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Myristica fragrans Houtt.

Family : Myristicaceae

DescriptionNutmeg is the seed of an apricot-like fruit of the nutmeg tree and mace is its arillus, a thin leathery tissue between the stone and the pulp. Both spices are strongly aromatic, resinous and warm in taste. Mace is generally said to have a finer aroma than nutmeg, but the difference is small. Nutmeg quickly loses its fragrace when ground. Naturally, nutmeg is limited to the Banda Islands, a tiny archipelago in Eastern Indonesia (Moluccas). Main producing countries today are Indonesia (East Indian Nutmeg) and Grenada (West Indian Nutmeg); the latter is regarded as inferior. In many European countries, the name of nutmeg derives from Latin nux muscatus "musky nut; moschate nut"; the Middle English form is notemugge. Mace goes back to Greek makir, which was used to denote an oriental spice, though it is not clear whether this was identical to mace.

These spices have been appreciated since Roman times. Because of its very limited geographical distribution, nutmeg and mace became known in Europe comparatively late (11th century). Although nutmeg was available in Europe since the 13th century, significant trade started not before the 16.th century, when Portuguese ships sailed to India and further, to the famed spice islands (Moluccas). During the 17th century, the Dutch succeeded in monopolizing the nutmeg trade, as they did with cloves. This situation changed only in the 18.th century, when the Frenchman Pierre Poivre succeeded in smuggling nutmeg trees from the Bandas to Mauritius and thereby broke the Dutch monopoly. The British East India Company introduced this tree to Penang, Singapore, India, Sri Lanka and the West Indies.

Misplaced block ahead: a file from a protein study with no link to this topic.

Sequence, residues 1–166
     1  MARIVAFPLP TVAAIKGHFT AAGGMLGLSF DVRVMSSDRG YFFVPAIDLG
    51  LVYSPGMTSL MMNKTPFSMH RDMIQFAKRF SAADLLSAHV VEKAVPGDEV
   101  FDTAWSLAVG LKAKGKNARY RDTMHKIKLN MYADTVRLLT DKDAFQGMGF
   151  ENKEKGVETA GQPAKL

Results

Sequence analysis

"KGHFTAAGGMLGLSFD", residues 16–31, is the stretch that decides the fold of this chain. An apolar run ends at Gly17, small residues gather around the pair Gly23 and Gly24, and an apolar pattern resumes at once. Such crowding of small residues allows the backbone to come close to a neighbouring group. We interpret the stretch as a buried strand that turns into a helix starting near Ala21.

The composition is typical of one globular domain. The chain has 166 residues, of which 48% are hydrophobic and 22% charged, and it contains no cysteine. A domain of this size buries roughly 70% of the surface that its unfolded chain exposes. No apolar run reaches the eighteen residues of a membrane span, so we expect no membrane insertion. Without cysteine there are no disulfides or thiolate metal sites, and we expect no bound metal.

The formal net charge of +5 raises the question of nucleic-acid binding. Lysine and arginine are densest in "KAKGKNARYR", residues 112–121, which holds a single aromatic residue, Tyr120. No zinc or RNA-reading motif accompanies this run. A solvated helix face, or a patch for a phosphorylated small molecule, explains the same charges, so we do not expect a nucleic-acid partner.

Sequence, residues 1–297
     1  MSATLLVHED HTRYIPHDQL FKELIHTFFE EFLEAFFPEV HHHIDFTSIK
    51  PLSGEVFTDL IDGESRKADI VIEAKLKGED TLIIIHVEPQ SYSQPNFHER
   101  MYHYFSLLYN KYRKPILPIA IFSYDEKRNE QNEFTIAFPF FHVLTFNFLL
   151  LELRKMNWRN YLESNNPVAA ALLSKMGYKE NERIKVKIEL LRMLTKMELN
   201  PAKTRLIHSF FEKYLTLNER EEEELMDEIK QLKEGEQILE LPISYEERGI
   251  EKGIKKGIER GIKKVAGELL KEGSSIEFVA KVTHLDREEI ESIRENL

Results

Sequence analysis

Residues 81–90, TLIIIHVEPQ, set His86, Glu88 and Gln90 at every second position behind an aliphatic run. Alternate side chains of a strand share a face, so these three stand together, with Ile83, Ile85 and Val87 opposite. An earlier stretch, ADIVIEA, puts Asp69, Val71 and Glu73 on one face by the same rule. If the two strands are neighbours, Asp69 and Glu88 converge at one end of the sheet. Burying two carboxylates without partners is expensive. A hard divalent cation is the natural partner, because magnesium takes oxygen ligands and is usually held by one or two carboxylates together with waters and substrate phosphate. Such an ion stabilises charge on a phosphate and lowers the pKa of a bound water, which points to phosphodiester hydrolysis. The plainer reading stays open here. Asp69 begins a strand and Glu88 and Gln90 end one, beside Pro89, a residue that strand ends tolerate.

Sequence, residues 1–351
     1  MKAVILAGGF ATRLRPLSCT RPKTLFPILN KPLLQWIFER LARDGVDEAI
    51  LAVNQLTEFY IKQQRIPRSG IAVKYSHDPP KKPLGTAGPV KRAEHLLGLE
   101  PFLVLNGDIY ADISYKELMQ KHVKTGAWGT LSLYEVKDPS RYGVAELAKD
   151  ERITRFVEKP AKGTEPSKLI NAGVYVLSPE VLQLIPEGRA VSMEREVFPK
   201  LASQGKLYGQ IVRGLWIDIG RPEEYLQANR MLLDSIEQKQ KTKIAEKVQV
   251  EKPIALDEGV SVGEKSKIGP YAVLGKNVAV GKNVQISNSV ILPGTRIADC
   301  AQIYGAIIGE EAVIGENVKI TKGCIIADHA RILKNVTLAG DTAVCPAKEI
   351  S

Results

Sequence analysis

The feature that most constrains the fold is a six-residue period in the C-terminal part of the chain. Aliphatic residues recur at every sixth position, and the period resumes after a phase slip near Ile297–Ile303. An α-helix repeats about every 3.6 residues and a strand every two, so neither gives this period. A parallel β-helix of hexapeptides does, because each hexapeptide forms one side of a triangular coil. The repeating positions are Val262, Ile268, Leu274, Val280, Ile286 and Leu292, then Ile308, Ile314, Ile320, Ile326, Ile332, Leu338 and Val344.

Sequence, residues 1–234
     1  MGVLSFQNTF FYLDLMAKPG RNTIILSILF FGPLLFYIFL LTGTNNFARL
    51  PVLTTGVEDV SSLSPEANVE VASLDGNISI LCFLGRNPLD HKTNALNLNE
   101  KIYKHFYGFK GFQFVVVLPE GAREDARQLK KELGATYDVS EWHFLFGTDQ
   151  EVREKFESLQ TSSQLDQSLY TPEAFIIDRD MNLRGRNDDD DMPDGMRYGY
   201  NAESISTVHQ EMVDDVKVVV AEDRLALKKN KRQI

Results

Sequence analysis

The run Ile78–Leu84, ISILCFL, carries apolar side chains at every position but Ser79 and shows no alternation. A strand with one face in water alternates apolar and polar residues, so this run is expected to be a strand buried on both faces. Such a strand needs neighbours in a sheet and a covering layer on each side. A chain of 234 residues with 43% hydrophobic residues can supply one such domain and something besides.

The nutmeg tree is a large evergreen native to the Banda Islands in the Moluccas and grows to a height of about 18 m. It produces fruits fifteen to twenty years after planting. The fruit of nutmeg tree, which is similar in colour and size to apricot, splits when ripe revealing the brilliant red arils encasing the brown nut. The red arils on drying become orange in colour and are the mace of commerce. The nut is also dried until the kernel inside rattles.

Nutmeg contains about 10% essential oil, which is mostly composed of terpene hydrocarbons (pinenes, camphene, p-cymene, sabinene, phellandrene, terpinene, limonene, myrcene, together 60 to 90%), terpene derivatives (linalool, geraniol, terpineol, together 5 to 15%) and phenylpropanes (myristicine, elemicine, safrol, together 2 to 20%). Of the latter group, myristicine (methoxy-safrol) is responsible for the hallucinogenic effect of large nutmeg dosages (typically, one or more nuts). Oil of mace (up to 12% in the spice) contains the same aroma components in slightly different amounts.

Aroma and flavour

Mace is used to flavour milk-based sauces and is widely used in processed meats. It is also added sparingly to delicate soups and sauces with fish or seafood. Pickles or chutneys may be seasoned with mace. Nutmeg is a traditional flavouring for cakes, gingerbreads, biscuits and fruit or milk puddings. Today, nutmeg's popularity has shrunken and the spice is less used, still most in Arab countries, Iran and Northern India, where both nutmeg and mace appear in delicately-flavoured meat dishes.

Culinary use

In Western cuisine, nutmeg and mace are more popular for cakes, crackers and stewed fruits; nutmeg is sometimes used to flavour cheese. The combination of spinach with nutmeg is somewhat a classic, especially for Italian stuffed noodles. The greatest lovers of nutmeg in today's Europe, though, are the Dutch. They use it for cabbage, potato and other vegetables, but also for meat, soups, stews and sauces. Since quite a large fraction of nutmeg is today grown in Grenada, nutmeg has entered several Caribbean cuisines. In Grenada, it's omnipresent, the locals even eating nutmeg-flavoured ice cream! Nutmeg is an optional ingredient in a famous Caribbean spice paste, Jamaican jerk.

Medicinal and other use

In Indonesia, the (woody and very sour) pulp is used to make a delicious jam with fine nutmeg aroma. In Malaysia the fleshy outer husk is crystallized or pickled and then sold as a delicious snack.Nutmeg is a narcotic in excess quantities. It is astringent, a stimulant and an aphrodisiac. Nutmeg oil is used in perfumes and ointments.


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